Stitch Pro: Twins vs. Super Duos
I had a bead shop owner friend call me a few weeks ago, asking about the differences between Twins and Super Duos, two brand names for the two-hole oval seed beads that are all the craze among beaders right now. She said she'd called around to vendors, artists, and fellow shop owners, but she didn't feel like she was getting clear answers. My friend isn't an off-loom beadworker, so she didn't have first-hand experience with the beads, but as a shop owner she wanted to support her customers with knowledge and the right product. Makes sense!
I gave her the information and she ordered her stock accordingly, but her phone call got me thinking…maybe my shop-owner buddy isn't the only one who is confused about the differences in these two beads?
So I thought I should share what I know. And just to be sure, I called my buddy Steven Weiss at the BeadSmith (one of the largest wholesale companies in the U.S. that sells both types of these beads to shops) to make sure my information is correct. I also had a nice email conversation on the topic with Sabine Lippert, a fantastic designer and teacher, and one of the first to work with these beads. (Thanks, Sabine, for sharing these clear photos with us!)
Country of origin: Czech Republic (created by Preciosa)
Size: 5mm long by 3mm wide by 3mm by 2.5mm deep at center
Shape: Flat oval with slight taper at ends
Material: crystal base; many colors are created with coatings
Consistency: Inconsistent in size; must be culled
Weight: About 18 beads per gram
Price: A quick online scan of prices today shows that they run about $2 – $11 for tubes of 300; price difference depends on color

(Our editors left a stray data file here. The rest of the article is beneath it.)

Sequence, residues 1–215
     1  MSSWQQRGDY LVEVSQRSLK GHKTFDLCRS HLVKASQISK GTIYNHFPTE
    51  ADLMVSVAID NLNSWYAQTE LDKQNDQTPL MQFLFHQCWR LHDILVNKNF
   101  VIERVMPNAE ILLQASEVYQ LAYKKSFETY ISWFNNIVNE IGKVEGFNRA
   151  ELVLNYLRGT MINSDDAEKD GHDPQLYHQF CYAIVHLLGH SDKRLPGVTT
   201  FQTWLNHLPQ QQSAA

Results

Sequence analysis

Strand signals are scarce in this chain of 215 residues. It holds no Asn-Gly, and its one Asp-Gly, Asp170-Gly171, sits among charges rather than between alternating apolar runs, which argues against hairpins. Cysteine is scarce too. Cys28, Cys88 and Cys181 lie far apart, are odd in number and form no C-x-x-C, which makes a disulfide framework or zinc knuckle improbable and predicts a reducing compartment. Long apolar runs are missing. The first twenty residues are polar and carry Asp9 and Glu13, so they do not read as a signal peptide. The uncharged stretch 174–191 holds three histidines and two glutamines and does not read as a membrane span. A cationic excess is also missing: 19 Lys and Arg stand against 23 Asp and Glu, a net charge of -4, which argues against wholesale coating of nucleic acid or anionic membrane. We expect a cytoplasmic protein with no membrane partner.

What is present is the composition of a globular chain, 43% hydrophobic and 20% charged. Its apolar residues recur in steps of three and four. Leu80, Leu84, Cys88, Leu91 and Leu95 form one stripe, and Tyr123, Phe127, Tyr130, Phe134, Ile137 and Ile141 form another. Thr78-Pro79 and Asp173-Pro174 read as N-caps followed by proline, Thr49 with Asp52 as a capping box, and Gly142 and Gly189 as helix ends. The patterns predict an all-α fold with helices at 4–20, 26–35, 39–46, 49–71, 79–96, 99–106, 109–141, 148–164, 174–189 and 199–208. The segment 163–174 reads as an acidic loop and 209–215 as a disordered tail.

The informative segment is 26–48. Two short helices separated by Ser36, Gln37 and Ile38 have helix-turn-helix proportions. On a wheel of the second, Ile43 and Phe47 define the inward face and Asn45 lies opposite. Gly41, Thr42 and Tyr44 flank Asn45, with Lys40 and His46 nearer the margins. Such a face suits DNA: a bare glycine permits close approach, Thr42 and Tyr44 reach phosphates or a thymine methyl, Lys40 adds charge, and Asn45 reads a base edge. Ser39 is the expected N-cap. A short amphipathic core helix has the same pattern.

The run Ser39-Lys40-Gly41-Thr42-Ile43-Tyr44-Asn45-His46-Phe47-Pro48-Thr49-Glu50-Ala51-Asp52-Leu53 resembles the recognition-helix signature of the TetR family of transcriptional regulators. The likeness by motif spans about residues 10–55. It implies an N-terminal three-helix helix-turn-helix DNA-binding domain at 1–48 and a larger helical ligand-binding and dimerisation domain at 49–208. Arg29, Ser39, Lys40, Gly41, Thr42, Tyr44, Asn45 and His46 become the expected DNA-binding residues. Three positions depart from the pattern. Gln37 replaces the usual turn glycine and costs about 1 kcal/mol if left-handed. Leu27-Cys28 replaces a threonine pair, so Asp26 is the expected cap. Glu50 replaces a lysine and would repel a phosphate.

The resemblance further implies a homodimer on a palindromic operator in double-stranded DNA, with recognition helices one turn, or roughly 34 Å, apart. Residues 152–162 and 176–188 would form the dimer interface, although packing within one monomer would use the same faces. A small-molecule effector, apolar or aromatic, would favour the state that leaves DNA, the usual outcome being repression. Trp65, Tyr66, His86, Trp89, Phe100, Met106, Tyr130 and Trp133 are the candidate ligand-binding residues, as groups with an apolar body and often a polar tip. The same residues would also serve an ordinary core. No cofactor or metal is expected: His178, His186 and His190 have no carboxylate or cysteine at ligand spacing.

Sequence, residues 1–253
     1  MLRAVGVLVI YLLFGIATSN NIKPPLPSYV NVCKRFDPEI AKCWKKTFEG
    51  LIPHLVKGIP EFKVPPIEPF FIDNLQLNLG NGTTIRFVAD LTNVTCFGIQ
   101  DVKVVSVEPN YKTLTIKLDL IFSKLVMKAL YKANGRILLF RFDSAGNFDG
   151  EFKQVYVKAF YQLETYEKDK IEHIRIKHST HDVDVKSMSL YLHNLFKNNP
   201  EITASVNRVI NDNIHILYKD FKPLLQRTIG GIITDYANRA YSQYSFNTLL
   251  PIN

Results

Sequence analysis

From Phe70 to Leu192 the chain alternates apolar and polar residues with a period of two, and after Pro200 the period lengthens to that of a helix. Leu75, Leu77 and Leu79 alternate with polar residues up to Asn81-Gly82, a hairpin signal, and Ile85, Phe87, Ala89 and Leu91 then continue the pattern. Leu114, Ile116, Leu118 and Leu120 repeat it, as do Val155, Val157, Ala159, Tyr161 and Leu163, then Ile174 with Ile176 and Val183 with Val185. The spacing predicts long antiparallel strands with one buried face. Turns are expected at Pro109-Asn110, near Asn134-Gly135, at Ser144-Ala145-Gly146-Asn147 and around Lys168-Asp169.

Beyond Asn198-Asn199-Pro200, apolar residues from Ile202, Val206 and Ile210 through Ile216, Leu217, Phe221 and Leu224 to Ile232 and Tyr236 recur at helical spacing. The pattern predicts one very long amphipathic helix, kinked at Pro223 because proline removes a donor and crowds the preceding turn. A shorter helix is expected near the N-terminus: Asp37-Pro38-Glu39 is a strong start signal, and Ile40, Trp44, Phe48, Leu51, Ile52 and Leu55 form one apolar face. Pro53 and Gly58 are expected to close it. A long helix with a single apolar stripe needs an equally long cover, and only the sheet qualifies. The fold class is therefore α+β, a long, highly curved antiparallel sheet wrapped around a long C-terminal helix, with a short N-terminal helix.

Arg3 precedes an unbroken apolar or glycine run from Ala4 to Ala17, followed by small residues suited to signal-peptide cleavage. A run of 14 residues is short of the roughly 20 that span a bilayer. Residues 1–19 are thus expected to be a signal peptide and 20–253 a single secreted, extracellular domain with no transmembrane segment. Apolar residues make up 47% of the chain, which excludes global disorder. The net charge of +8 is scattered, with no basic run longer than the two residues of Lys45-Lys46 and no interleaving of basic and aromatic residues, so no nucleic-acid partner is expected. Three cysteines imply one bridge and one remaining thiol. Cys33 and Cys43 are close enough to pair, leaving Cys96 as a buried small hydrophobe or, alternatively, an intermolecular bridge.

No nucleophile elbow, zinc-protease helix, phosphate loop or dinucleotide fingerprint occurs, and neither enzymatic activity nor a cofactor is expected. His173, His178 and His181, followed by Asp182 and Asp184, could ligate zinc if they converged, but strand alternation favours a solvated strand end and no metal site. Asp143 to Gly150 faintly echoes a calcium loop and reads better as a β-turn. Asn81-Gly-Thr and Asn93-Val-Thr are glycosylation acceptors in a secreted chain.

-Some designers like the inconsistency of these beads to make more organic-looking designs. The size variance is also helpful for forming increases/decreases in sculptural work.
-These beads tend to be slightly thinner in the middle, so don't work as a substitute for Super Duos.
-Because many of these beads are coated, they often have holes that are plugged shut with coating. You may also want to double-check the stability of the coating for wear.
-Sabine explained that these are rocaille beads (made like Czech seed beads), and that's why they aren't very uniform. She also noted that the company that makes Twins (Preciosa) has also marketed a pressed-glass version.
Country of origin: Czech Republic
Size: 5mm long by 3.5mm wide by 3mm deep at center
Shape: Flat oval with pronounced taper, almost a dimple at ends
Material: glass base; many colors are created within the glass as opposed to coated
Consistency: Very consistent in size; very little, if any, culling is needed
Weight: About 15 beads per gram
Price: A quick online scan of prices today shows that they run about $3 – $12 for tubes of 300; price difference depends on color
-These beads are very consistent, so work well for methodical, technical designs. There is really no culling necessary.
-These beads tend to be slightly fatter in their middles, so don't work as a substitute for Twins.
-The color of these beads is stable because most of the beads are colored within the glass, not as a coating.
-Sabine explained that these beads are made in a press; thus the uniformity.
What do you know about Twins vs. Super Duos? Please share your experiences here so we can all learn together.
Senior editor, Beadwork magazine